- For each of the classes that we will discuss chapters from the Thesenga book - week ten, week 11, week 12, and week 13 - please write about one of the questions she poses at the end of each assigned chapter. The questions will be due the same day the readings are due.
- Reflections on your Vision Quest experience – due week nine.
Students will write a paper that arises from the gained insights into their own life journey, with particular emphasis on the understanding of the roles of science and spirituality in their daily lives (current and past). It will also include thoughts, insights, and horizons gained in the understanding of science and spirituality and the relationships between the two. Reflections on the degree to which the student sees the two as dualities or in a more unified way are invited.
The paper should also include reflections on how science and spirituality are (and may be in the future) factors in the relationship to self, family, friends, vocation, and community.
The typed paper is due on week 14.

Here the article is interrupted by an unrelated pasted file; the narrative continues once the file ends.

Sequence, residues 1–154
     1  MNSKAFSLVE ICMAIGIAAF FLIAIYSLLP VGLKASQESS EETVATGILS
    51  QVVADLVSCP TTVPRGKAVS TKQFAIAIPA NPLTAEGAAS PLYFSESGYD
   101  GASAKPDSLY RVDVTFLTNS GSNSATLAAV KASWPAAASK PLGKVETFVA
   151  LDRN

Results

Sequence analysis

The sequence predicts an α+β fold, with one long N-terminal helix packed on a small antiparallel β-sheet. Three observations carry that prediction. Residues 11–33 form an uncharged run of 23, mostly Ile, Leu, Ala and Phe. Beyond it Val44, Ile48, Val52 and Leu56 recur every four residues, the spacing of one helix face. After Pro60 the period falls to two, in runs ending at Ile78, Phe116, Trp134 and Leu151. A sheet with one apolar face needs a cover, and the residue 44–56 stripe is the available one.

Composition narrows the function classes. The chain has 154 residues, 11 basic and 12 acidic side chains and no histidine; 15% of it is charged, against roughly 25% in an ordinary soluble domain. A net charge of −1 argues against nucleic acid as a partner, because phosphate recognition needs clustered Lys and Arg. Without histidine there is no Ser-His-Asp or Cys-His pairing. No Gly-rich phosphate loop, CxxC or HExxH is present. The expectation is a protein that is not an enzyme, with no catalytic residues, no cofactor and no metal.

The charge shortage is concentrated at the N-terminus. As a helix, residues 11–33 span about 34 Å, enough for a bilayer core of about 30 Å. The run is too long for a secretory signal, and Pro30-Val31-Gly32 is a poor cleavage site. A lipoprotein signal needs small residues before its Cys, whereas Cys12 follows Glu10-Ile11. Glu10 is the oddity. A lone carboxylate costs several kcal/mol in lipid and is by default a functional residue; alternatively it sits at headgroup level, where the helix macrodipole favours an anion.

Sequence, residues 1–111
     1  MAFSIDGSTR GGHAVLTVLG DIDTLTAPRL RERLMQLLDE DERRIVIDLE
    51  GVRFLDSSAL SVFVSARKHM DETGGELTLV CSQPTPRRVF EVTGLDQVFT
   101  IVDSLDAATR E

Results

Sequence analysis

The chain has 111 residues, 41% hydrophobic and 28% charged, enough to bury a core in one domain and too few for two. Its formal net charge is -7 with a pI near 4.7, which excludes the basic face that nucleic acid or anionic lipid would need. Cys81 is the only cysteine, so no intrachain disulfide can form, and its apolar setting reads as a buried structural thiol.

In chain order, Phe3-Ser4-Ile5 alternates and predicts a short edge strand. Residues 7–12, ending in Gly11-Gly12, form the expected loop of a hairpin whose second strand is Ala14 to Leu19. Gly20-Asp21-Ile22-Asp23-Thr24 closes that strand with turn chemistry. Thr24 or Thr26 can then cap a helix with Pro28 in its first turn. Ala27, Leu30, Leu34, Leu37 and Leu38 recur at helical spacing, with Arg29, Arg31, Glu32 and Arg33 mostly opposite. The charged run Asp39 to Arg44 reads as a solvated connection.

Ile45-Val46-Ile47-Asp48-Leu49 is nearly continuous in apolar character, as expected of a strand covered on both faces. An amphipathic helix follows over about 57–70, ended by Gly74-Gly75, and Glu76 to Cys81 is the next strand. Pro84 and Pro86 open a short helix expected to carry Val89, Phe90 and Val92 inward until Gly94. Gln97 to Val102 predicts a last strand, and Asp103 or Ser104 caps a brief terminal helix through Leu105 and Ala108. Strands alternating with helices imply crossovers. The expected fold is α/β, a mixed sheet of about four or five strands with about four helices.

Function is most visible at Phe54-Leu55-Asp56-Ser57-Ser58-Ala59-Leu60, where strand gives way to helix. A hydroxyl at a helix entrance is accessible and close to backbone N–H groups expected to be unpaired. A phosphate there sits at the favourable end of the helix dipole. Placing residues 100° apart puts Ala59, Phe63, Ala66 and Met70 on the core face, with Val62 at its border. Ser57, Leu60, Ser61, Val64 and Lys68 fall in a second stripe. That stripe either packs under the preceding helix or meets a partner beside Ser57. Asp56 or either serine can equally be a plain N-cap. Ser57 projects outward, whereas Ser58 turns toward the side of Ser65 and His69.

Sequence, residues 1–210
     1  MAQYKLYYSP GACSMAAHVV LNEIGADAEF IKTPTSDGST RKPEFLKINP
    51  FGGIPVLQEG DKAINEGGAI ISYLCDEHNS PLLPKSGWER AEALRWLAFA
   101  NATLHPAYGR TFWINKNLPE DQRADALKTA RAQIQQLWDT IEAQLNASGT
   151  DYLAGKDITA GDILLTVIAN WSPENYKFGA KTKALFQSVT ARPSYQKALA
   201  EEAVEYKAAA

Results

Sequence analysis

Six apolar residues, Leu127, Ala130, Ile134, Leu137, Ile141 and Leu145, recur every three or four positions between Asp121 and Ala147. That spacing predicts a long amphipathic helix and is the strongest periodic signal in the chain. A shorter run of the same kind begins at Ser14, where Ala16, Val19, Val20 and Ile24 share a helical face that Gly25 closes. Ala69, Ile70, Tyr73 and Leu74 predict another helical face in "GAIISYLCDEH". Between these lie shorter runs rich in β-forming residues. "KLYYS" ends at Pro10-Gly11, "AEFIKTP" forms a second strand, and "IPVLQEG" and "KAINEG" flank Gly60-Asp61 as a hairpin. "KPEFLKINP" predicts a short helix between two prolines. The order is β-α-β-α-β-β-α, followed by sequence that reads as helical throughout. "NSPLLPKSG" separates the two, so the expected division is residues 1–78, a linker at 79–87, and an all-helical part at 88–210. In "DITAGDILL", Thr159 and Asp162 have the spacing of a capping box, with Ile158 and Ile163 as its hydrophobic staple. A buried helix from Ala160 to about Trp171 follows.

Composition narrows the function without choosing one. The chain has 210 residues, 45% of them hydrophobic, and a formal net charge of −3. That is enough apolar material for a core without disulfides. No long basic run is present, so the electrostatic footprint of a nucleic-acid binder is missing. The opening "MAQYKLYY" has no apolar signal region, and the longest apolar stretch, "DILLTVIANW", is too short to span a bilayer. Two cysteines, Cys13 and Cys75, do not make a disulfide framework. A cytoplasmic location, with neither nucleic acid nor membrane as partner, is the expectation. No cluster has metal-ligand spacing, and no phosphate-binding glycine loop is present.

how the grade will be determined
Attendance and Participation * - 20%
Homework - 38%
Journals - 30%
Term Paper - 12%
* What does “Participation” in a Capstone mean?
In a Capstone seminar, participation means taking equal responsibility for the learning of the class as a whole, not just yourself. What you are taking on as a member of this class is the opportunity to be part of an ongoing intelligent conversation about some of the most important problems and choices you face in life.
Therefore, you cannot simply watch and listen to others, although listening with openness and attention is very important. You are invited to share your insights, thoughts, and feelings as they are evoked by the readings and your personal experience in and out of class. You are invited to bring up thought provoking questions, raise hard questions, be willing to address uncomfortable ideas and attitudes, and share your own life experience to make points related to the readings.
For many of us it is rare to venture beyond the obvious and superficial as part of everyday conversations. Talking about serious things makes us uncomfortable - we become uncomfortable personally and afraid socially, and we usually back off from important questions except with our closest friends.
But instead of retreating into ourselves to explore our deepest concerns, in Capstone seminars, we are given the opportunity of talking to other people who are equally uneasy and concerned. We talk in an open and confidential atmosphere where it is not only acceptable to talk about serious things, but it is also expected. For those who truly participate, it is a rare and personally enriching experience.